"... Following the decontamination metaphor for searching a graph, we introduce a cleaning process, which is related to both the chipfiring game and edge searching. Brushes (instead of chips) are placed on some vertices and, initially, all the edges are dirty. When a vertex is ‘fired’, each dirty incide ..."
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Following the decontamination metaphor for searching a graph, we introduce a cleaning process, which is related to both the chipfiring game and edge searching. Brushes (instead of chips) are placed on some vertices and, initially, all the edges are dirty. When a vertex is ‘fired’, each dirty incident edge is traversed by only one brush, cleaning it, but a brush is not allowed to traverse an already cleaned edge; consequently, a vertex may not need degreemany brushes to fire. The model presented is one where the edges are continually recontaminated, say by algae, so that cleaning is regarded as an ongoing process. Ideally, the final configuration of the brushes, after all the edges have been cleaned, should be a viable starting configuration to clean the graph again. We show that this is possible with the least number of brushes if the vertices are fired sequentially but not if fired in parallel. We also present bounds for the least number of brushes required to clean graphs in general and some specific families of graphs.
Some Remarks on Sparsely Connected IsomorphismFree Labeled Graphs
, 2000
"... . Given a set = fH1 ..."
Almost all C4free graphs have less than (1 − ε) ex(n, C4) edges
, 2009
"... A graph is called Hfree if it contains no copy of H. An old result of Kleitman and Winston [12] states that there are 2 Θ(n3/2) C4free graphs on n vertices. Füredi [8] showed that almost all C4free graphs of order n have at least c · ex(n, C4) edges for some positive constant c> 0. We prove th ..."
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A graph is called Hfree if it contains no copy of H. An old result of Kleitman and Winston [12] states that there are 2 Θ(n3/2) C4free graphs on n vertices. Füredi [8] showed that almost all C4free graphs of order n have at least c · ex(n, C4) edges for some positive constant c> 0. We prove that there is an ε> 0 such that almost all C4free graphs have at most (1 − ε) · ex(n, C4) edges. This resolves a conjecture of Balogh, Bollobás and Simonovits [4] for the 4cycle.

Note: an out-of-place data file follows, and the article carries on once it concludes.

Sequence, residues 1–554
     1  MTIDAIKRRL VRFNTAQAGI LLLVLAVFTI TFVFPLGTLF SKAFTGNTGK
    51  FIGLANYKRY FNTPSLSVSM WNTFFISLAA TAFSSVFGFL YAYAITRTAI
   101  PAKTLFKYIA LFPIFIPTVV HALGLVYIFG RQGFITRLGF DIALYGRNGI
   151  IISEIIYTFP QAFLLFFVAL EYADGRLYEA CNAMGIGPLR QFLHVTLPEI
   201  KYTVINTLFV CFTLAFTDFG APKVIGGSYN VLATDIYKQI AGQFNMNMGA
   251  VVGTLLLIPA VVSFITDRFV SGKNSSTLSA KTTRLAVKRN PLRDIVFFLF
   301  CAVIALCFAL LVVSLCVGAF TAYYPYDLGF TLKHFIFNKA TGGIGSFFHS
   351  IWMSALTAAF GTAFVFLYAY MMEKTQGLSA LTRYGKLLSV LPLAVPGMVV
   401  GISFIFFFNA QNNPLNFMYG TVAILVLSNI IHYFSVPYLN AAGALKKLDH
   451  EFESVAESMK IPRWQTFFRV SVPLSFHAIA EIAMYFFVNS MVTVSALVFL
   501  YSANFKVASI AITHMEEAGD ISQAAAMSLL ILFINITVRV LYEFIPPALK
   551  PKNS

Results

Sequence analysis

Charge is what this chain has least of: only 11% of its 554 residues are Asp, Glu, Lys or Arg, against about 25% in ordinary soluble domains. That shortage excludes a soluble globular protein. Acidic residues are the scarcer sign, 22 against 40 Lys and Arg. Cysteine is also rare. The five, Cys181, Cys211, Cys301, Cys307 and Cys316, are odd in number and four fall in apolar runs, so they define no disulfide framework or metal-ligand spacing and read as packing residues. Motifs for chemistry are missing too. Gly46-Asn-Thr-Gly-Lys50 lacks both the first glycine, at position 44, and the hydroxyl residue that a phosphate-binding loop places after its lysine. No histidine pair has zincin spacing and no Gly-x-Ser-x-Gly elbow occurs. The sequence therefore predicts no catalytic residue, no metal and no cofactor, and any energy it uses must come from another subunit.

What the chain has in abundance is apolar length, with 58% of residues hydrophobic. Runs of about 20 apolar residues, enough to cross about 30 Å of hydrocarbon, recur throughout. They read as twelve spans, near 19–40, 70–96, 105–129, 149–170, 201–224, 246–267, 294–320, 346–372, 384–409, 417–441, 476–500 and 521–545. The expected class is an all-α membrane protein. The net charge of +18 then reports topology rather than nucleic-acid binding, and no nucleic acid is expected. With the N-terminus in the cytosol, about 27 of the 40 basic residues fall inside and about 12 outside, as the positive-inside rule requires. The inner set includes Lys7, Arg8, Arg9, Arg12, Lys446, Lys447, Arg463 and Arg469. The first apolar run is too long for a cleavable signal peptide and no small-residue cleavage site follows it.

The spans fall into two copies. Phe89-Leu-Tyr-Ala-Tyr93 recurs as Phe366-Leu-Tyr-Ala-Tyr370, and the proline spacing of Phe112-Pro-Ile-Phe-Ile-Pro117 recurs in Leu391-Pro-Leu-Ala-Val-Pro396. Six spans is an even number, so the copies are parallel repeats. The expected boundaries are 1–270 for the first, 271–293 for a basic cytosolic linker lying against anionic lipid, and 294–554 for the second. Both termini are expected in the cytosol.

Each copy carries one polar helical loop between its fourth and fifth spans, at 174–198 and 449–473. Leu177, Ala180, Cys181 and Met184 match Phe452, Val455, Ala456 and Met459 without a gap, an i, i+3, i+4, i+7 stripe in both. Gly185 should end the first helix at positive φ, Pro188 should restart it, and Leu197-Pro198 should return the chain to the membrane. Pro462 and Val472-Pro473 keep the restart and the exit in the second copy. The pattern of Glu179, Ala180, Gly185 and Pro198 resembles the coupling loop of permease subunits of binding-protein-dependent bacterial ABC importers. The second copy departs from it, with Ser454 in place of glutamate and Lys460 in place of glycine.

Forbidden subgraphs in connected graphs
, 2004
"... Given a set ξ = {H1,H2, · · ·} of connected non acyclic graphs, a ξfree graph is one which does not contain any member of ξ as copy. Define the excess of a graph as the difference between its number of edges and its number of vertices. Let Wk,ξ be theexponential generating function (EGF for brie ..."
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Given a set ξ = {H1,H2, · · ·} of connected non acyclic graphs, a ξfree graph is one which does not contain any member of ξ as copy. Define the excess of a graph as the difference between its number of edges and its number of vertices. Let Wk,ξ be theexponential generating function (EGF for brief) of connected ξfree graphs of excess equal to k (k ≥ 1). For each fixed ξ, a fundamental differential recurrence satisfied by the EGFs Wk,ξ is derived. We give methods on how to solve this nonlinear recurrence for the first few values of k by means of graph surgery. We also show that for any finite collection ξ of nonacyclic graphs, the EGFs Wk,ξ are always rational functions of the generating function, T, of Cayley’s rooted (nonplanar) labelled trees. From this, we prove that almost all connected graphs with n nodes and n + k edges are ξfree, whenever k = o(n1/3) and ξ  < ∞ by means of Wright’s inequalities and saddle point method. Limiting distributions are derived for sparse connected ξfree components that are present when a random graph on n nodes has approximately n 2
R(3, 4) = 17
"... “Aliens invade the earth and threaten to obliterate it in a year’s time unless human beings can find the Ramsey number for red five and blue five. We could marshal the world’s best minds and fastest computers, and within a year we could probably calculate the value. If the aliens demanded the Ramsey ..."
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“Aliens invade the earth and threaten to obliterate it in a year’s time unless human beings can find the Ramsey number for red five and blue five. We could marshal the world’s best minds and fastest computers, and within a year we could probably calculate the value. If the aliens demanded the Ramsey number for red six and blue six, however, we would have no choice but to launch a preemptive attack.” Paul Erdős [5] In this paper, we consider the online Ramsey numbers R(k, l) for cliques. Using a high performance computing networks, we ‘calculated ’ that R(3, 4) = 17. We also present an upper bound of R(k, l), study its asymptotic behaviour, and state some open problems. 1 Introduction and
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"... Abstract. In this note, we consider the online Ramsey numbers R(k, l) for cliques. Using a high performance computing networks, we ‘calculated ’ that R(3, 4) = 17. We also present an upper bound of R(k, l), study its asymptotic behaviour, and state some open problems. “Aliens invade the earth and ..."
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Abstract. In this note, we consider the online Ramsey numbers R(k, l) for cliques. Using a high performance computing networks, we ‘calculated ’ that R(3, 4) = 17. We also present an upper bound of R(k, l), study its asymptotic behaviour, and state some open problems. “Aliens invade the earth and threaten to obliterate it in a year’s time unless human beings can find the Ramsey number for red five and blue five. We could marshal the world’s best minds and fastest computers, and within a year we could probably calculate the value. If the aliens demanded the Ramsey number for red six and blue six, however, we would have no choice but to launch a preemptive attack.” Paul Erdös [5] 1. Introduction and